Inadequate or Excessive?
The Use of Sanctions in Foreign Policy
Wednesday, April 28, 2021 | 12:00 PM – 1:00 PM ET
Hailed as a low-cost and effective foreign policy tool, sanctions have become common in the international sphere in recent years. Increasingly, countries all around the world use sanctions to accomplish a wide variety of foreign policy goals, from naming and shaming individuals to deterring nuclear proliferation. However, these policies have not always produced the desired outcomes, and have even placed economic and humanitarian burdens on the communities they are meant to protect. Are sanctions an effective tool of foreign policy? And how can they be improved to target bad actors, spare civilians, and achieve their goals? Tune in on Thursday, April 29th, from 12:00 to 1:00 PM ET for a discussion of these questions and more, when we are joined by Edward Fishman, Nonresident Senior Fellow at the Atlantic Council’s Eurasia Center and Scowcroft Center for Strategy and Security, Erica Moret, Senior Researcher at the Centre for Global Governance and Visiting Lecturer at the Department of International Relations/Political Science at the Graduate Institute, Geneva, and Jeffrey J. Schott, Senior Fellow at the Peterson Institute for International Economics.
Dr. Erica Moret is a expert on sanctions, global security, European foreign policy and humanitarian affairs. She is Senior Researcher at the Global Governance Centre (IHEID) & Geneva Centre of Humanitarian Studies (Université de Genève / IHEID) as well as Visiting Lecturer at Department of International Relations/ Political Science, IHEID & Paris School of International Affairs (PSIA), Sciences-Po. She is Coordinator & co-founder of the Geneva International Sanctions Network (GISN) and Associate Editor of the Journal of Global Security Studies (JoGSS). She holds a DPhil (PhD) and MSc from the University of Oxford and is also a graduate from France’ Ecole Nationale d’Administration (ENA). Her sanctions related publications include those on Russia, Iran, Syria, North Korea, Venezuela and Cuba, and in relation to cyber security, chemical weapons abuses, humanitarian concerns, and informal governance. She has provided evidence to both the UK House of Lords and UK House of Commons Inquiries on the future of sanctions after Brexit. She ran an initiative until 2020 on behalf of the Swiss government and the European Commission on humanitarian payments into Syria in light of de-risking associated with sanctions and wider regulations and is currently running a UN project on the political economy of remittance flows into Syria in light of sanctions, the pandemic and the Lebanese financial crisis. She also coordinates a project at the Graduate Institute funded by the Swiss Network of International Studies focusing on challenges faced by medicine, food and vaccine companies, as well as humanitarian organisations, operating heavily sanctioned countries suffering from de-risking. Her earlier advisory work on sanctions includes that to UNICEF, the UN’s Office of the High Commissioner on Human Rights, the UN Human Rights Council, the Office of the UN Special Envoy on Syria, the EU and the Governments of Canada, Germany and France.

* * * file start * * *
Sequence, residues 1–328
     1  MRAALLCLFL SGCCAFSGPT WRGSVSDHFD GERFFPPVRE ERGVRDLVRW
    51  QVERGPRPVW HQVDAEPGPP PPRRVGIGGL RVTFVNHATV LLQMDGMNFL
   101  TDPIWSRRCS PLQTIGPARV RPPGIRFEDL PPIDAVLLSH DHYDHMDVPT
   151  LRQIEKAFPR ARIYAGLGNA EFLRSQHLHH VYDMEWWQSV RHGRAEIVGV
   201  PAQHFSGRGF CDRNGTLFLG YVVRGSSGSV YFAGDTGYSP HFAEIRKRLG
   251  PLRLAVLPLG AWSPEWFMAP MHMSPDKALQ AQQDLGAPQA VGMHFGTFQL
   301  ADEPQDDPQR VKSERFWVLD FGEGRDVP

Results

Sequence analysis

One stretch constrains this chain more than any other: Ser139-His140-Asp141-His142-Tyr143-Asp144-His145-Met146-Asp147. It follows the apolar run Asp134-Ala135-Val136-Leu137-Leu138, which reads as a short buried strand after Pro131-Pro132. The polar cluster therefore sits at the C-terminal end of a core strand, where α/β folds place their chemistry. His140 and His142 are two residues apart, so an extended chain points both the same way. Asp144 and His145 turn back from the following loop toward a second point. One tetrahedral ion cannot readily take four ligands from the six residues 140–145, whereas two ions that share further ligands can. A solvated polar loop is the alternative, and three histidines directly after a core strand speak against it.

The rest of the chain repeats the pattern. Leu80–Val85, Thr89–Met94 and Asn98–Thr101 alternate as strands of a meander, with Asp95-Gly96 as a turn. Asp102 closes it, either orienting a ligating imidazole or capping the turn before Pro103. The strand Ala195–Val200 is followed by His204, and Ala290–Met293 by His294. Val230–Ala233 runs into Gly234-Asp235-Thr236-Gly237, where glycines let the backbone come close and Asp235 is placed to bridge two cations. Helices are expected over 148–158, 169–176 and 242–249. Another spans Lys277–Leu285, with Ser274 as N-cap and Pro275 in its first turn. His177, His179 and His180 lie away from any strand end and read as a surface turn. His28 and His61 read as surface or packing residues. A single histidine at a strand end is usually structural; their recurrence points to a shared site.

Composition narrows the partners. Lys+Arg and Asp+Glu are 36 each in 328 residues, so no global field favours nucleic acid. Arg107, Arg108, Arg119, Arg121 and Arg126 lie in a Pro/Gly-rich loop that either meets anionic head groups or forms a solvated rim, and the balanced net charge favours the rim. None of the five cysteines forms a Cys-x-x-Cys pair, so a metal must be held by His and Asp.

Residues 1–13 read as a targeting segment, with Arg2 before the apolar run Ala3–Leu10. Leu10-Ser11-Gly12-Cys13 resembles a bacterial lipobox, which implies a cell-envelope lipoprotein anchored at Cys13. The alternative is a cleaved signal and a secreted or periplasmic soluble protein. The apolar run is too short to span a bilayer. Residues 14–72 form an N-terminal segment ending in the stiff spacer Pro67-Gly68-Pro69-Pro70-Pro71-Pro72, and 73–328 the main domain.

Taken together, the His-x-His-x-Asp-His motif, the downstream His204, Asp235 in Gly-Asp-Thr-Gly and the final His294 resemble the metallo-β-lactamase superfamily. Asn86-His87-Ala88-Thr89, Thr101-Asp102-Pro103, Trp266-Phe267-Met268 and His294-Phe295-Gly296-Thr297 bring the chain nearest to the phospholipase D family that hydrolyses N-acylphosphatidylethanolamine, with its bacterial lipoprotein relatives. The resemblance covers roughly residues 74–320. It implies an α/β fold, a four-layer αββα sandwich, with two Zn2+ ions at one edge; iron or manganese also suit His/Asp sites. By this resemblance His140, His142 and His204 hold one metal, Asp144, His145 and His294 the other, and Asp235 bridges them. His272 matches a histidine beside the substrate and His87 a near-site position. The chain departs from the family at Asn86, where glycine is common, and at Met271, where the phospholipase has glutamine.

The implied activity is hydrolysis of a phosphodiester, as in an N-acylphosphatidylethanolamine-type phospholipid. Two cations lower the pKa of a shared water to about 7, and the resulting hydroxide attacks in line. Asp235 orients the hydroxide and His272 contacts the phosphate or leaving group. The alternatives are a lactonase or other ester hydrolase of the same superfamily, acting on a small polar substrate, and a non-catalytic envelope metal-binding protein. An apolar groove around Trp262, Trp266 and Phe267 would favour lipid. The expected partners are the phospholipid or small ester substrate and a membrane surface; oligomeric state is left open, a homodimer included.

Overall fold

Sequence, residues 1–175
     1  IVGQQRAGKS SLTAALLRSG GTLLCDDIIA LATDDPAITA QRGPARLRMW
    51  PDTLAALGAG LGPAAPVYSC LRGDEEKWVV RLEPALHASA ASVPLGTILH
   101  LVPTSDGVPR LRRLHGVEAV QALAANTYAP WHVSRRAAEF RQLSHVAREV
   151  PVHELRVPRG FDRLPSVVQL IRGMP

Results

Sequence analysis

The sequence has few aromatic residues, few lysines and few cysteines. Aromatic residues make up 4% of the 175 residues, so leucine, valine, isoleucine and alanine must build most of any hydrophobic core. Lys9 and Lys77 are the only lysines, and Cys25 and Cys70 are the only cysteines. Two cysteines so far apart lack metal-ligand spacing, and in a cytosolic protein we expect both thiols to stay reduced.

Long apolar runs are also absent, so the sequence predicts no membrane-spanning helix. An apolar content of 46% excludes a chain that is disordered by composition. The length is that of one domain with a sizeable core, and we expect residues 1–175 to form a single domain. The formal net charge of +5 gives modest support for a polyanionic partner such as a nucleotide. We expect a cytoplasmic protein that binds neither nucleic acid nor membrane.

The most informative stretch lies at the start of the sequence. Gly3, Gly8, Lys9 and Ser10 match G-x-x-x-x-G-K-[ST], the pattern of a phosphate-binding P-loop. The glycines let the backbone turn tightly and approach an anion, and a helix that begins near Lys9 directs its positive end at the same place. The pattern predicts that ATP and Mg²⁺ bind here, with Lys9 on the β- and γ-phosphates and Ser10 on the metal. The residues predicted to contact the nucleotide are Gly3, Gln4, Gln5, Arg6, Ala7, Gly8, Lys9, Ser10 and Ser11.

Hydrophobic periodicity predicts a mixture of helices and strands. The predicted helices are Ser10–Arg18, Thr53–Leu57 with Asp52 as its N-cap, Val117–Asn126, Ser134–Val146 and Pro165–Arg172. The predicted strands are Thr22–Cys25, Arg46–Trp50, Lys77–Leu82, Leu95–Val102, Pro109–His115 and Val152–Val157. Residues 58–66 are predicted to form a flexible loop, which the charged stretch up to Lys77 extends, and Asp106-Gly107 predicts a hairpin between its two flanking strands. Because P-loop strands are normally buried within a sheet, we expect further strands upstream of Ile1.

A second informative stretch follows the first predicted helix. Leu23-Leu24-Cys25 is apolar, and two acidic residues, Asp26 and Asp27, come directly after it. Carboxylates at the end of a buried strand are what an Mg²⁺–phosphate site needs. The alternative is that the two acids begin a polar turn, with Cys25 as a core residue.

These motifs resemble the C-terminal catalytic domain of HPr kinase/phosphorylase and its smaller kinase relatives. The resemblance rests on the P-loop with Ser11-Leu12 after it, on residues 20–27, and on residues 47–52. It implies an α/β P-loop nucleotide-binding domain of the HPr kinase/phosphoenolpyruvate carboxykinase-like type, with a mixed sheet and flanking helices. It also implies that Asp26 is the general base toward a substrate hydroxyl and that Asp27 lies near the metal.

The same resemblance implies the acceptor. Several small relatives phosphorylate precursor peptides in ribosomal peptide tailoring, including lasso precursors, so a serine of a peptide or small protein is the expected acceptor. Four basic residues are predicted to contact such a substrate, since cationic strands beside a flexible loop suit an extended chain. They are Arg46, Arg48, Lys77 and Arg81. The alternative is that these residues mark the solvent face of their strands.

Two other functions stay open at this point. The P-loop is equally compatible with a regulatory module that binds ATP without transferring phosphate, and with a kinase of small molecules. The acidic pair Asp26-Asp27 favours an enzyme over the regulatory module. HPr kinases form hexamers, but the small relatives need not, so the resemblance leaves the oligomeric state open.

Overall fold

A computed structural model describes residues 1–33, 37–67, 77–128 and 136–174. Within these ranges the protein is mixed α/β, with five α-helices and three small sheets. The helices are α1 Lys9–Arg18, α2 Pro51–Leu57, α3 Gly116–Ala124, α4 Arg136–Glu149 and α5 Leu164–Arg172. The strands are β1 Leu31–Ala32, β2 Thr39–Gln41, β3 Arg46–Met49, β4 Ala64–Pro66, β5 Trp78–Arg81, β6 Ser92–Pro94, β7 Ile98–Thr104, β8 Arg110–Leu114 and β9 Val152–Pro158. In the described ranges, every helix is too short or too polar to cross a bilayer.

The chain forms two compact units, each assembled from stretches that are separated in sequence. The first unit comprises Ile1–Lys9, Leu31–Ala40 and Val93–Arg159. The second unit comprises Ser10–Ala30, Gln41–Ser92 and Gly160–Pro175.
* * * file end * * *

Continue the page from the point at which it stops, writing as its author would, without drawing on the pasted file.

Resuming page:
Edward Fishman is an Adjunct Fellow at the Center for a New American Security (CNAS), where he focuses on the intersection of business, economics, and national security. His research interests include sanctions and the evolving ways states use economic power to advance their foreign policy interests. He is concurrently a fellow at the Atlantic Council, where he specializes in Europe and Russia.
From 2015 to 2017, Mr. Fishman served at the U.S. Department of State as a member of the Secretary’s Policy Planning Staff. In that role, Mr. Fishman advised Secretary of State John Kerry on Europe and Eurasia and led the staff’s work on economic sanctions, long-range strategic planning, and international order and norms. During his time on the Policy Planning Staff, Mr. Fishman formulated strategic plans on a wide range of issues, including the preservation of transatlantic unity on Russia sanctions, the creation of a new economic pressure campaign in response to North Korea’s nuclear provocations, and diplomacy in Europe surrounding the British referendum to exit the European Union. Mr. Fishman also managed the Secretary of State’s Foreign Affairs Policy Board and represented the State Department at the National Security Council-led Strategic Planning Small Group, an interagency body that conducted wide-ranging strategic assessments of trends in geopolitics, economics, and technology.